Faith is a Means
What is true faith?
An average member will know the answer to this question.
Even in the middle of the night and with their eyes half open…
True faith is a sure knowledge…and a firm confidence (Heidelberg Catechism, Q/A 21) etc.
Is it not?
It is great gain that this answer is so well-known. The church cherishes this part of her confession. But, as we already saw earlier, well-known passages can easily start to live their own lives, apart from the context.
And so, this well-known catechism answer seems to be perfectly adequate. What else could you possibly say about faith, that is not being said in these few words: sure knowledge and firm confidence?
Well, I want to give it a try: faith is a means.
What is a means? Perhaps an example can clarify this.
I have a friend in not too far away.
And I also have a car. This car is the means to get to my friend.
Say someone asks me: “And eh, have you been to your friend recently?”, would it then not be strange, if I answered: “I have a good car”?
That is not an answer at all. I am very sure that I do not improve the situation when I explain to him how good a brand my car is.. And that I am confident it always starts right away. The question is: did I drive in the car, and did I visit my friend? That is the question which awaits an answer!
Every comparison has its limitations, I know. This one is no different. But when we focus on the heart of the matter, then we will see a striking similarity. Faith can be well founded, well hammered out, tried in the furnace, it can be full of trust, always prepared to witness, and so on. Then it is still only a means to visit your Friend, to embrace Jesus Christ, and to share life with him.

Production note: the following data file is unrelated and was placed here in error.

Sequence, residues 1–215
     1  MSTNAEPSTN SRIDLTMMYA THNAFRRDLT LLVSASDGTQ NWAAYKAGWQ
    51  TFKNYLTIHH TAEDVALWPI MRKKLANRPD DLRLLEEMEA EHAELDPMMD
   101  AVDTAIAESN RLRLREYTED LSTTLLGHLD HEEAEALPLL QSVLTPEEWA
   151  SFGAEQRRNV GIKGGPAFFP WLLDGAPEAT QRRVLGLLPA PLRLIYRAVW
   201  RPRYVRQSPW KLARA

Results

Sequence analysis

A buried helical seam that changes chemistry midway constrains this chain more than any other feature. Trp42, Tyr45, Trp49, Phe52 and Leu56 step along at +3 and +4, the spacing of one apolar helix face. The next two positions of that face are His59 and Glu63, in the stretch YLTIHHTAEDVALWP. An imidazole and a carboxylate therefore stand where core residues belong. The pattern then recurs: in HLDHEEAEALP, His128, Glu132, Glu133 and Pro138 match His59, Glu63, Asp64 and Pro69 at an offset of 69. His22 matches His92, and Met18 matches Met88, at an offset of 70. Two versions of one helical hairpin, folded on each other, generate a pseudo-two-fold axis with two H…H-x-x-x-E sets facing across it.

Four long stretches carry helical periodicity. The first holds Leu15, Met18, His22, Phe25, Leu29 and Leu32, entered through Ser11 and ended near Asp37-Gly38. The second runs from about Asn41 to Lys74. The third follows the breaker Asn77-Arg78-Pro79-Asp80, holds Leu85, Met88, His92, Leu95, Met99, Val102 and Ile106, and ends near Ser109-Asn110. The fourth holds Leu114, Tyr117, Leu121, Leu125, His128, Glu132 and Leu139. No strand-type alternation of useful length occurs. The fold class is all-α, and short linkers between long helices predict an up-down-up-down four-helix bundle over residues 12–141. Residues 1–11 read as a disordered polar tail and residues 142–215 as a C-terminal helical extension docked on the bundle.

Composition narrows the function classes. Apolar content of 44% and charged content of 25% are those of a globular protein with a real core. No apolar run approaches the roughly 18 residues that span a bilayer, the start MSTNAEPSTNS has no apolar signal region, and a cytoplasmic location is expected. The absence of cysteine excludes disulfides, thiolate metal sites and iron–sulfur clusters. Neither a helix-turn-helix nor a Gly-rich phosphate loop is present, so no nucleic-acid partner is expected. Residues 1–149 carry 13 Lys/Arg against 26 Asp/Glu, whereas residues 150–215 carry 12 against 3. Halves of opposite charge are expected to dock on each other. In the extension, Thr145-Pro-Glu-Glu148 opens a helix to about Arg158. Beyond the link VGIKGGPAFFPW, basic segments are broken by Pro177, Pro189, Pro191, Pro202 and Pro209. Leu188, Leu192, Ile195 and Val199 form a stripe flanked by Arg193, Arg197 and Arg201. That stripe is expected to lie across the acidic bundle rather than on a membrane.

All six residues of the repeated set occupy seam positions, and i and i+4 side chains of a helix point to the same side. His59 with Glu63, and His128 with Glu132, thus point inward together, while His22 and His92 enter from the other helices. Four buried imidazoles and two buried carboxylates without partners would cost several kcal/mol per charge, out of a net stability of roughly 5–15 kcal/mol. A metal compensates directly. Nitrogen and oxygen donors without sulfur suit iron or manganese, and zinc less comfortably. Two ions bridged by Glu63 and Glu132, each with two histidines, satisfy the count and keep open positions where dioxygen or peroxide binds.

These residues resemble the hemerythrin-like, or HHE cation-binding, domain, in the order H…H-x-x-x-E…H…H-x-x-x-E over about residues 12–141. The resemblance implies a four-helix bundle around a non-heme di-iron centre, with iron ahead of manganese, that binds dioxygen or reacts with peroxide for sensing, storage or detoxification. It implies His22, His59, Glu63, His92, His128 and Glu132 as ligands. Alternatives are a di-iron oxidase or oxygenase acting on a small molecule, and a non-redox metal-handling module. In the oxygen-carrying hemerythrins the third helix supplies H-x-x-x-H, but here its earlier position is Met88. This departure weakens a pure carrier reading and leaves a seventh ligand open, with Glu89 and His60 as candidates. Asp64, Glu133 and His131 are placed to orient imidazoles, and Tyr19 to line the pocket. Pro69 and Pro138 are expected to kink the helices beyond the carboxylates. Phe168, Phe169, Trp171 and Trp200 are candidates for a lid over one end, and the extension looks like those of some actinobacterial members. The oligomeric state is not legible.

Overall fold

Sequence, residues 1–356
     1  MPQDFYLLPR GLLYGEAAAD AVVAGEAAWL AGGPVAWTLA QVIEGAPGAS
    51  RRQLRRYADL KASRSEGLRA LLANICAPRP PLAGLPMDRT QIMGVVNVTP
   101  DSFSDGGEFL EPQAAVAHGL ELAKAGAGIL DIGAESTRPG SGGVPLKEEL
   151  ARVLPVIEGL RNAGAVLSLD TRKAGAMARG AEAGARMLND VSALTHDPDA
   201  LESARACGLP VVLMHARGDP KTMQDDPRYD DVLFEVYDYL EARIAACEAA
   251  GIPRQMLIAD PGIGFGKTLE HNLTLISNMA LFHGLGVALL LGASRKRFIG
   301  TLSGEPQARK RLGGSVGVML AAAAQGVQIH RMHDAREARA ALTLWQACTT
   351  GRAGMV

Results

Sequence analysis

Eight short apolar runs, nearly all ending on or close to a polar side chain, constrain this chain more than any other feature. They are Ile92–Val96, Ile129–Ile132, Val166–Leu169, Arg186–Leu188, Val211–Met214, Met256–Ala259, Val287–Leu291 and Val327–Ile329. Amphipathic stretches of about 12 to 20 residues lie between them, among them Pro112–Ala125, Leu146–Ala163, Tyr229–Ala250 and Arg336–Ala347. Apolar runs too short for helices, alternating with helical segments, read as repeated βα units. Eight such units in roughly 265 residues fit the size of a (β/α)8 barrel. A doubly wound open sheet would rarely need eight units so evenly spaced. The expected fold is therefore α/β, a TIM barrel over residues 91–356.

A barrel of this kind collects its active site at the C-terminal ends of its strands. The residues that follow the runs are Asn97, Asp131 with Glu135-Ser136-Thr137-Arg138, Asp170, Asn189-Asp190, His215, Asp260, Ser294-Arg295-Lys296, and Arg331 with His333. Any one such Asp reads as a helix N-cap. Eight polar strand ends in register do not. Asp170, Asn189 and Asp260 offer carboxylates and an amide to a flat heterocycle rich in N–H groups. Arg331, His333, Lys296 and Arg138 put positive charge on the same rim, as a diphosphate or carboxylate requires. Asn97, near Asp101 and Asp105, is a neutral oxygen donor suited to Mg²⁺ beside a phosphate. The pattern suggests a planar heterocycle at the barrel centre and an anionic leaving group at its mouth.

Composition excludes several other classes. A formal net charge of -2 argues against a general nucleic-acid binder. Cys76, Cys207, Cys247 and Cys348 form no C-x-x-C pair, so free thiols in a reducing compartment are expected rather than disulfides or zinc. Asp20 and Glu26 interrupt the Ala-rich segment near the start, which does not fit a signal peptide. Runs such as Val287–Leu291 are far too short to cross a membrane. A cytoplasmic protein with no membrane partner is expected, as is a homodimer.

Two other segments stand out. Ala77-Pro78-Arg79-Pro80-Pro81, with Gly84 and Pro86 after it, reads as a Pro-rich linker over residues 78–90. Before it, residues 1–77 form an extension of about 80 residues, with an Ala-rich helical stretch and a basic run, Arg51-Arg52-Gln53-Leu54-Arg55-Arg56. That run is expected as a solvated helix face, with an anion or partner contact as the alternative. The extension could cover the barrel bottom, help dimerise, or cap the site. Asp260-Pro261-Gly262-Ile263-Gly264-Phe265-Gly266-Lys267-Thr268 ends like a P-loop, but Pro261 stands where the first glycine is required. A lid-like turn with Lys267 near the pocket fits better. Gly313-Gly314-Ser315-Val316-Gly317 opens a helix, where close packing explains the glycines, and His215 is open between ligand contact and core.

We fully confess this in Article 22 of the Belgic Confession. Faith is an instrument, only an instrument, it says.
But to what extent is this understood?
It is a question which each person can answer for themselves. But it is also a question that we cannot altogether ignore.
To what extent do we realize that our faith is only a means? A means to walk with God.
In the example given, my friend is more important than my car. An answer which does not include my friend, is completely unsatisfactory, and meaningless.
But how does this work in the every-day-life of the congregation? How much time and effort is not being spent with checking, adjusting, polishing of the car (metaphorically), at the cost of attention to the Friend?
We are not saying with this that the maintenance times can be done somewhat sloppily. But is the balance not a little off at times? The conversations cannot remain hanging in and around the means, if they even reach that level.
And which question governs the home visit? Many important questions can be asked about faith and much can be said about it, time is filled up quickly with that. I would advise: ask about the Friend. Let the conversation be about him, about his place in your life. How you value him as the Redeemer of your sins. How you approach him in prayer, and how you learn to listen to what he says. How you may experience more and more that your life begins with him, and what you can expect when he continues to lead in your life. How you entrust your life to him, in a variety of circumstances. What you do for him, and what you leave out for him. Which counterforces are coming at you when you confess him? And so on.
If you can have such a conversation with each other, then it immediately becomes evident whether faith is functioning properly. You do not even have to ask explicitly about it. But you are protected from the idea that you take on faith by itself and discuss it accordingly. For it is only a means.